News: Lack of capital worsens existing gap for women-led small businesses

Funding & Investment

Lack of capital worsens existing gap for women-led small businesses

Lack of access to funding, business networks and the outbreak of COVID-19 have worsened pre-existing inequities for women-led businesses in Australia.
Lack of capital worsens existing gap for women-led small businesses

Women-led businesses in Australia continue to struggle amid persistent lack of access to funding, revealed a research conducted by the Australian Small Business and Family Enterprise Ombudsman’s (ASBFEO) office.

In the ASBFEO survey of more than 600 Australian women-owned, women-led small businesses, nearly half (43%) of respondents cited access to funds as a central barrier to growth.

Ombudsman Bruce Billson says it’s disappointing that on International Women’s Day 2022, female entrepreneurs are still facing headwinds when trying to grow their businesses.

“On International Women’s Day, it’s important to recognise the obvious economic benefits that would flow from addressing barriers to growth for the rapidly increasing number of Australian women small business owners,” Ombudsman Bruce Billson said.

Reportedly, two-thirds of new businesses created in Australia in the past decade have been founded by women (Xero Boss Insights 2021) and there has been a 46% jump in women business owners over the past 20 years (ABS).

However, raising capital remains a stubborn deterrent to business growth. In fact, the recent ‘State of Australian Startup Funding’ report found 82% of female founders believe gender impacted their ability to raise venture capital funding. And just a mere 10% of female founders felt highly confident they would raise their next funding round, compared to a significantly high 63% of male founders.

Additionally, the State of Australian Startup Funding 2021 report also found 59%of female founders felt somewhat confident they would raise their next funding round, with 67% feeling at least somewhat supported by Australia’s startup ecosystem.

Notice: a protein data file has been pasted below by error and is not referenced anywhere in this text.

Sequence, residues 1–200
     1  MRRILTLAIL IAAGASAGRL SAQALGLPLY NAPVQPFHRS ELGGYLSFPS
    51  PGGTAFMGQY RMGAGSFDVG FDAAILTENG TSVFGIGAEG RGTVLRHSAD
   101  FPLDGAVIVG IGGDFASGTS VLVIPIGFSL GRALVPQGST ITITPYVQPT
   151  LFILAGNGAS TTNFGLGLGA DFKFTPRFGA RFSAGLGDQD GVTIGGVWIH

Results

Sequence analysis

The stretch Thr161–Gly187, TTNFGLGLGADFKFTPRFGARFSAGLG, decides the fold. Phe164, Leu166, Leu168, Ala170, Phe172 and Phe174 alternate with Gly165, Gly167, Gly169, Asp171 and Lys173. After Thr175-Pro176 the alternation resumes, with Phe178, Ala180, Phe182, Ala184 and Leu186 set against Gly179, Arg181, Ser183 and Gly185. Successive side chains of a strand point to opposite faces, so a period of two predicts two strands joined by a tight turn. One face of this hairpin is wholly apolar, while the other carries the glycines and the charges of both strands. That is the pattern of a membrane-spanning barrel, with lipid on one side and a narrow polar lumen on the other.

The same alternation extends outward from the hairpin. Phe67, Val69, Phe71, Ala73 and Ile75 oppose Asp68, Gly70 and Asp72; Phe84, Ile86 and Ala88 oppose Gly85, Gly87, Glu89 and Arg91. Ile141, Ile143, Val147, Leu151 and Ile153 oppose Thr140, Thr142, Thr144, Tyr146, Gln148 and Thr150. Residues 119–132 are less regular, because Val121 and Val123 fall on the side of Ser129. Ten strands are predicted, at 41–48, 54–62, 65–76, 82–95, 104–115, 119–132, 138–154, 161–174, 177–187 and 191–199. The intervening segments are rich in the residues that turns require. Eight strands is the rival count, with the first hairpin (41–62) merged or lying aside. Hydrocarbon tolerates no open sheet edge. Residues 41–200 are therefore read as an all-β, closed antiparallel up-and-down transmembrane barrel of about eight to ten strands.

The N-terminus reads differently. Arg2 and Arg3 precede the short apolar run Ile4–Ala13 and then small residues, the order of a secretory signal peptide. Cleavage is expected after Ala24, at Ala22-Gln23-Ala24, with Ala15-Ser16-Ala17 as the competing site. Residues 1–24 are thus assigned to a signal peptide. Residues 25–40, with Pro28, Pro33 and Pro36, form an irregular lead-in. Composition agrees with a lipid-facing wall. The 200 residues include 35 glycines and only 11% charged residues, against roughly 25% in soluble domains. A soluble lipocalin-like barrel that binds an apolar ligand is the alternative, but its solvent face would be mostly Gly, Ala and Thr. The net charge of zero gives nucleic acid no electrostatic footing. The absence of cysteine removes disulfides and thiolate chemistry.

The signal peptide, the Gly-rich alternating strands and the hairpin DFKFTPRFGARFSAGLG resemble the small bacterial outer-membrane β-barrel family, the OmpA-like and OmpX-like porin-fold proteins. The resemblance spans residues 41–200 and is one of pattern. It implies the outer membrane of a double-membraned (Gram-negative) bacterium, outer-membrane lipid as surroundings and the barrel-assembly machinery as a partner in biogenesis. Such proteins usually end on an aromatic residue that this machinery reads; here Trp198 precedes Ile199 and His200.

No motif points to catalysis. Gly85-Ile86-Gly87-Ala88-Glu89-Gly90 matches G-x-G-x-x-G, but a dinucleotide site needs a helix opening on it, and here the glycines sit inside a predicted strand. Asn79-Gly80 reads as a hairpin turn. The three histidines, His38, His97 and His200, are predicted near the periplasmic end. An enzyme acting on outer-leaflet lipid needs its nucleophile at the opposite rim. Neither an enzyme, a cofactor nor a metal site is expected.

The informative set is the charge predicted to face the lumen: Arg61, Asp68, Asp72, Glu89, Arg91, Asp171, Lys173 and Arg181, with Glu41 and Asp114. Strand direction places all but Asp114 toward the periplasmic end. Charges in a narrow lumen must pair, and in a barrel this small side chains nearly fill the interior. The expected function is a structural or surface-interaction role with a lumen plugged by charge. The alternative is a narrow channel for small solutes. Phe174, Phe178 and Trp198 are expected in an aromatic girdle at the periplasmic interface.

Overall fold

According to reports, the share of total capital invested in startups with at least one female founder slipped considerably, falling from 28% in 2020 to 22% in 2021. Further, the percentage of equity funding events involving startups with at least one female founder only increased by one percentage point to 19% in 2021. 

Artificial intelligence (AI) and big data was the sector with the highest percentage of teams with at least one female founder at 50%, followed by biotech at more than 40% and blockchain hovering just above 30%.

Five of the 10 largest deals in 2021 involved the mixed-gender founding teams at Judo Capital (ASX: JDO), Airwallex, Canva and Octopus Deploy. However, only 2% of total capital raised went to female-only founder teams.

“Globally, the World Bank reports access to finance is a ‘major hurdle’ as women are left with an estimated $1.7 Tn of unmet demand for credit,” Billson said adding, “By reducing headwinds and energising female enterprise there is a significant economic upside. Research by Asialink suggests boosting the number of female business owners to equal that of men, could add between $70 Bn and $135 Bn to our economy.”

The World Economic Forum estimates it would take 257 years to reach economic parity between women and men globally. And the current figures aren’t helping drive a swifter change. In fact, COVID-19 has worsened “pre-existing inequalities that have historically seen women face greater economic and employment uncertainty and take on a greater share of the unpaid care burden,” and the gap “is expected to increase”, according to Asialink's Empowering Women Innovation Leaders in Australia and Southeast Asia: A regional blueprint report. 

The organisation further found that female-owned businesses are 5.9% more likely to close during COVID-19 compared to male-owned businesses worldwide.

“Women’s economic empowerment is key to our national recovery after an incredibly challenging couple of years. My office will continue its work in identifying opportunities to improve the environment for small business and women’s entrepreneurship,” Billson added.

The Asialink report highlighted "women in Australia do not have the same access to business networks as men" and calls on sectors such as "government, business and civil society" to introduce "greater regional opportunities for networking".

“We know there is a gendered impact of disasters. We know issues related to gender equality and women’s rights are sidelined during times of crisis — during relief and recovery. That doesn’t only have an immediate effect, it has a generational and long-lasting effect,” women’s empowerment and gender equality, The Asia Foundation Senior Director Jane Sloane said.

“I am concerned about women’s political participation and voices during the time of COVID-19. Women’s leadership and contribution to decision-making saves lives. It’s not an add on. Women’s access to economic opportunities and security contribute to the wellbeing of their families, their communities and countries. Economic empowerment of women stabilises the family and, in turn, the economy and society as a whole.”

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Topics: Funding & Investment, Diversity, Entrepreneurship

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